US lifts ban on lethal virus experiments despite security risks

The US government has lifted a three-year ban on making lethal viruses in the lab, saying the potential benefits of disease preparedness outweigh the risks.

Labs will now be able to manufacture strains of influenza, Sars and Middle East Respiratory Syndrome (Mers).

The ban was imposed following safety breaches at federal institutions involving anthrax and avian flu.

Now a scientific review panel will have to green-light each research proposal.

It will only be allowed to go ahead if the panel determines there is no safer way to conduct the research and that the benefits it will provide justify the risk.

Critics say such “gain-of-function” research still risks creating an accidental pandemic.

But supporters of removing the ban say many US states are poorly prepared for an almost-inevitable outbreak of a deadly virus.

“I believe nature is the ultimate bioterrorist and we need to do all we can to stay one step ahead,” said Samuel Stanley, chairman of the National Science Advisory Board for Biosecurity, which provided guidance on the new policy.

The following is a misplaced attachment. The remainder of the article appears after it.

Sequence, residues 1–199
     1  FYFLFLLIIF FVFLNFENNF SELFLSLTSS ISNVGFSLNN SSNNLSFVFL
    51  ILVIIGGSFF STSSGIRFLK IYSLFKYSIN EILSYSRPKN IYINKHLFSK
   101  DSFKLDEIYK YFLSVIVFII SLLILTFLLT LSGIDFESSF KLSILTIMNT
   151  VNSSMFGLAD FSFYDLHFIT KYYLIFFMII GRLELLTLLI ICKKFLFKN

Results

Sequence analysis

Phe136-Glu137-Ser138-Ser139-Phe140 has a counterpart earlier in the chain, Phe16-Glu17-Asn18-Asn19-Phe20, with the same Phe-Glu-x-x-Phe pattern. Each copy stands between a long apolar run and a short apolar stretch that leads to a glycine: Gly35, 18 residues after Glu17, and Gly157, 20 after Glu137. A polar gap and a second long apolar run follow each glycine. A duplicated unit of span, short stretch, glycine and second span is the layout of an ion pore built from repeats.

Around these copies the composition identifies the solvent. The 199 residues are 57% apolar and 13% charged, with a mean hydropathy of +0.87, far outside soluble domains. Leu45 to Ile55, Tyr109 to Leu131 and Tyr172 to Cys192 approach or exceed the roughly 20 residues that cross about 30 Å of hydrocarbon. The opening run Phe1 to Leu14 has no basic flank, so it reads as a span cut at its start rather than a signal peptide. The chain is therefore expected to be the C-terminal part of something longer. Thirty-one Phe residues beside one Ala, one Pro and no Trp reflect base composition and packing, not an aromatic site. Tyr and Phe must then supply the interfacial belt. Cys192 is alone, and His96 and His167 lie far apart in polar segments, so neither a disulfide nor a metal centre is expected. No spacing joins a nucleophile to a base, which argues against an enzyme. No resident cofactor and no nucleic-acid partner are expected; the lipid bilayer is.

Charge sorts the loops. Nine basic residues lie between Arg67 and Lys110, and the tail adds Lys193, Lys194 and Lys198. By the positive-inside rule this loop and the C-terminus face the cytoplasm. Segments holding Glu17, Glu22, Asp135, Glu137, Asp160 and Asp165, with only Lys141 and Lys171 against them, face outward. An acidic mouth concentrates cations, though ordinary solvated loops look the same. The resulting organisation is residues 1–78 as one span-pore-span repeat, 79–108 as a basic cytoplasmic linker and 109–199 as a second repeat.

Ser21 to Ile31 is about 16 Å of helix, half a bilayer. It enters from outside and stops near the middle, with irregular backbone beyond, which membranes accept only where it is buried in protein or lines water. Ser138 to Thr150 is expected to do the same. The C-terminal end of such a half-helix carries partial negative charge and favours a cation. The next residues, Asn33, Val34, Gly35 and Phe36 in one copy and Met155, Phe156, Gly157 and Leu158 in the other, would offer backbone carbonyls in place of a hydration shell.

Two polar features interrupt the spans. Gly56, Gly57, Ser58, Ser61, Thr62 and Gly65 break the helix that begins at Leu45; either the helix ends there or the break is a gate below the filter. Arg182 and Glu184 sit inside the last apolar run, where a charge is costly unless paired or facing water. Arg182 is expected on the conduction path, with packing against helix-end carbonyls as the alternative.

“Basic research on these agents by laboratories that have shown they can do this work safely is key to global security.”

The ban was imposed in 2014 after embarrassing safety lapses including:

In addition, there was concern that research into transmissible pathogens, which is published, could be used to deliberately engineer a mutant virus.

Now, the US National Institutes of Health says it is time to lift the ban on funding such research with the introduction of new safeguards.

The institution where the work is being done must demonstrate that the work is “ethically justifiable”.

It must have the “capacity and commitment to conduct it safely and securely, and have the ability to respond rapidly, mitigate potential risks and take corrective actions in response to laboratory accidents, lapses in protocol and procedures, and potential security breaches”.

And there must be a credible risk that the pathogen could be a source of a future human pandemic.


these sorts of stories alarm me..i guess im just a very suspicious person!

“Labs will now be able to manufacture strains of influenza, Sars and Middle East Respiratory Syndrome (Mers).


~ by seeker401 on December 22, 2017.

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